A headline in yesterday's Maryland section incorrectly identified a Baltimore firefighter as an "officer."
The Sun regrets the error.
A Baltimore firefighter is being accused by colleagues of balking and blocking a stairway of a burning rowhouse during a search for a missing child who later was found dead.
There is no evidence that the delay, about 90 seconds, contributed to the death on Thanksgiving of 7-year-old Randi E. McDonald, whose body was found in a rear bedroom on the second floor of the three-story rowhouse in the Upton neighborhood.
But at the time the firefighter, identified as James Williams, 46, was ordered up the stairs, rescuers at the scene did not know whether the child was alive. Failing to search for a victim, even in the most perilous conditions, is considered a breach of the firefighter's oath.
Colleagues of the firefighter, who recently transferred to one of the city's busiest stations, are denouncing the alleged misconduct.
"It's an affront to what we do," one fire commander said.
Several officials, who spoke on the condition their names not be used, said the firefighter had to be removed from the stairwell, where he froze.
"It came as close to an altercation as you can get," one source said.
Battalion Chief Hector L. Torres, a department spokesman, confirmed that commanders are investigating Williams, a seven-year veteran. After the fire, Williams was placed on medical leave for stress.
Williams is assigned to Engine Company 13, at McMechen Street and Madison Avenue in West Baltimore, which is about four blocks from the house that burned in the 500 block of McMechen St., near Pennsylvania Avenue.
Torres cautioned that investigators have not interviewed Williams or other firefighters involved, because they were off yesterday. He said he is worried that preliminary information may lead people to falsely conclude that Randi's death could have been avoided.
"My concern is the impression that the family of the victim may get from your report," Torres said. "The home was completely engulfed when firefighters arrived. There was no chance of survival for the victim."
Williams could not be reached for comment yesterday. Several messages left at his home were not returned. Capt. Stephan G. Fugate, acting battalion chief for the fatal fire and president of a union representing fire officers, declined to comment yesterday.
Rick Schluderberg, vice president of the firefighters union, also declined to comment, saying he was unaware of the allegations.
Randi's relatives, who are living in a temporary, city-provided apartment in the Perkins Homes public housing complex in Southeast Baltimore, reacted with anger yesterday when told of the accusations.
They and neighbors have complained since the day of the fire that repeated calls to 911 dispatchers went unheeded, causing inappropriate delays by firefighters whose station is blocks away.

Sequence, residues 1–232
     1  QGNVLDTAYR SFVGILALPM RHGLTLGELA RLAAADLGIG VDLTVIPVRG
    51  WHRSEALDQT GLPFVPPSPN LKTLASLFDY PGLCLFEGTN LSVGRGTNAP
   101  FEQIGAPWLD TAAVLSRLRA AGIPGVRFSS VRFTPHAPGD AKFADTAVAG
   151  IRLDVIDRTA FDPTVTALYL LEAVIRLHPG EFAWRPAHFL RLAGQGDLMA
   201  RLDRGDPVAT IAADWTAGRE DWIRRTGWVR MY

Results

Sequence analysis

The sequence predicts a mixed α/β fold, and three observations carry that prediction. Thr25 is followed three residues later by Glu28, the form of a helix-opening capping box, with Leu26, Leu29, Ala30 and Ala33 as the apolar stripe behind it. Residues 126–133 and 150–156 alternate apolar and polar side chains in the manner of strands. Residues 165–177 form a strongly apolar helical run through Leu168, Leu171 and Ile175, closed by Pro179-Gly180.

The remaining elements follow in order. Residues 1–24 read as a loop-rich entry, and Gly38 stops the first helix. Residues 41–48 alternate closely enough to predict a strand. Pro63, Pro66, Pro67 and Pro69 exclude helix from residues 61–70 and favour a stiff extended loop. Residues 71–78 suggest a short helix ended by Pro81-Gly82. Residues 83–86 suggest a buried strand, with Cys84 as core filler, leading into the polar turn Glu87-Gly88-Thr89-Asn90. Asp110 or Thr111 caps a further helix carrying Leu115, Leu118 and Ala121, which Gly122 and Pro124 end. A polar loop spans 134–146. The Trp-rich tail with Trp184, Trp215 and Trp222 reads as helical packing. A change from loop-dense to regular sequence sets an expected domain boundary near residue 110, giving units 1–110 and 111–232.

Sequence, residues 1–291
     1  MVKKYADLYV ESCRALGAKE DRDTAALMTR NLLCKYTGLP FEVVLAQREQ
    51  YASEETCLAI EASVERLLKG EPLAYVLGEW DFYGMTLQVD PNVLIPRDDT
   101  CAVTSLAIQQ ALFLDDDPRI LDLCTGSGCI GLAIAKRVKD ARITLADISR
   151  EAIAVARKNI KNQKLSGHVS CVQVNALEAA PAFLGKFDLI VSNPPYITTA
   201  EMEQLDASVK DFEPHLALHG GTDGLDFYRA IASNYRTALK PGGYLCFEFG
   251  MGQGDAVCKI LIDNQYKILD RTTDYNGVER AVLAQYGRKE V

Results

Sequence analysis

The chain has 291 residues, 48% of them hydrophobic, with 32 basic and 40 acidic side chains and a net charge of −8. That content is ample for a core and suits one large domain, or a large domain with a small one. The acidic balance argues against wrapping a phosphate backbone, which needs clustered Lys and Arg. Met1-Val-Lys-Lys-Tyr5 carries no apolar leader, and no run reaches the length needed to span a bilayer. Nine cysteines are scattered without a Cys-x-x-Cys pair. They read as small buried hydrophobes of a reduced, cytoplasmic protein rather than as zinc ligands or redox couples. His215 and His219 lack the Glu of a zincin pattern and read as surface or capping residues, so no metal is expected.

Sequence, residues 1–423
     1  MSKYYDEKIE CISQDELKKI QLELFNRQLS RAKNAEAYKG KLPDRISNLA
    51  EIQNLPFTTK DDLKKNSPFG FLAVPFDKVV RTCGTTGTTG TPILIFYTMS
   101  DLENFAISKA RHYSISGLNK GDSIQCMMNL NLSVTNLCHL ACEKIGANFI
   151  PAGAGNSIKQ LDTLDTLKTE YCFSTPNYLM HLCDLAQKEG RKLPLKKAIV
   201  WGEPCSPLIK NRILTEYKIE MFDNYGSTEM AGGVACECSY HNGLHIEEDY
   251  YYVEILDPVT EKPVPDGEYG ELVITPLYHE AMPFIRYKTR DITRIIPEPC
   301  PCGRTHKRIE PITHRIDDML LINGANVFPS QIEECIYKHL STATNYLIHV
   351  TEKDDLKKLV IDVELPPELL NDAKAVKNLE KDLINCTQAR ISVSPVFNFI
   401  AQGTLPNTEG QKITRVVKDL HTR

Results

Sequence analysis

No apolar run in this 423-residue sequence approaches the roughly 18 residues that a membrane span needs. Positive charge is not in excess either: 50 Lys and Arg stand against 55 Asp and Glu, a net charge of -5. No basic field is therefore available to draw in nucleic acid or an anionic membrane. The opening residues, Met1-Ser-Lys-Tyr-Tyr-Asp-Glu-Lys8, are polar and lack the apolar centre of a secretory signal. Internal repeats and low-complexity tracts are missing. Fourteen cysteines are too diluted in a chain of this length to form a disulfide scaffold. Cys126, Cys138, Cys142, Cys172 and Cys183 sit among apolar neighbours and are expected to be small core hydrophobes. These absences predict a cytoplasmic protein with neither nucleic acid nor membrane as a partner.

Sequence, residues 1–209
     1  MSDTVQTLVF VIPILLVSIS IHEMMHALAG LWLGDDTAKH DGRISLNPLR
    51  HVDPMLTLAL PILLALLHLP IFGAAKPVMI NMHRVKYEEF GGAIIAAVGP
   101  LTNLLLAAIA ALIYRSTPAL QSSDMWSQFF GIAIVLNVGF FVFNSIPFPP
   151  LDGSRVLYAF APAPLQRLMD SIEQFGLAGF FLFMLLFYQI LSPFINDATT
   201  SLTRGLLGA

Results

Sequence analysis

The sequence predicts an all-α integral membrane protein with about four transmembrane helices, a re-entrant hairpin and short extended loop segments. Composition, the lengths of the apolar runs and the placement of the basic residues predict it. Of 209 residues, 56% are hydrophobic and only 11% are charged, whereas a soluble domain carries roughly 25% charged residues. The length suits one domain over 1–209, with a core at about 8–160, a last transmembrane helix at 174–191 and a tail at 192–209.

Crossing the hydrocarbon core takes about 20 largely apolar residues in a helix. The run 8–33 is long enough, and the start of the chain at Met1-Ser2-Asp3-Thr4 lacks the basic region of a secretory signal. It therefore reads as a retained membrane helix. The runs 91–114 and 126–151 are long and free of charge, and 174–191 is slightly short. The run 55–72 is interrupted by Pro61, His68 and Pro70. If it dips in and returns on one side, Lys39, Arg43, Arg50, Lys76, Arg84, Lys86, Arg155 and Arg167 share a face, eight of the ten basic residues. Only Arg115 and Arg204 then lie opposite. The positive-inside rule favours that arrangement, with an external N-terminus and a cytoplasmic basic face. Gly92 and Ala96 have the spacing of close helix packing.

"It was handled poorly," said Sabrina Bond, 28, an aunt of the victim. "That firefighter shouldn't have been there if he wasn't ready. And we could have walked down the street and gotten the hose ourselves to put the fire out. Why did it take them so long? Who is responsible and who is going to answer for this?"
But Torres said only one 911 call was received. He added that neighbors were banging on the doors of Engine Company 13 at the same time the call was being dispatched at 10: 48 a.m. He said fire engines arrived at the house one minute later.
The spokesman said the fire most likely had been burning for several minutes before firefighters were alerted because bystanders tried to rescue the child before they called for help.
"We responded very quickly," Torres said. "No one called the Fire Department right away."
A cause for the one-alarm fire has not been determined. Randi was the 21st person to die in a city fire this year.
Officials said their investigation is focusing on what happened inside the house as firefighters tried to put out the fire and search for victims.
Sources, who include top fire commanders and firefighters who fought the blaze, said Williams was in charge of getting rescuers into the burning house. He was carrying a hose and entered through the front door.
Sources said he dragged the hose through the living room, which had become engulfed in flames, and stepped onto the stairway. "We had reports from dispatch that there were children trapped on the second floor," one firefighter said.
Partway up the narrow stairwell, sources said, the firefighter froze and refused to budge. His partner, whose name could not be learned, helps hold the hose and was stuck behind him. "They literally blocked the staircase," another firefighter said.
Eventually, sources said, Williams was pushed out of the way.
Meanwhile, other firefighters entered the second floor of the house from ladders. They initially were told that Randi was in the front bedroom. But her body was recovered from a rear bedroom, where she apparently had tried to hide from heat and smoke. A source said she died of smoke inhalation.
Randi's funeral is scheduled for 12: 30 p.m. today at City Temple Baptist Church at 317 Dolphin St. She was a second-grader at Eutaw-Marshburn Elementary School, and relatives said yesterday that she loved to read, play with Barbie dolls and sing. She had two brothers, ages 12 and 14.
Her aunt Plejette Pharr, 27, who raised Randi since the girl's mother died five years ago, said Randi wanted to become a nurse when she grew up. She didn't belong to a church but attended services every Sunday.
Said her grandmother, Betty Baker, 54: "She warmed the heart of everyone she came in contact with."
Pub Date: 12/04/97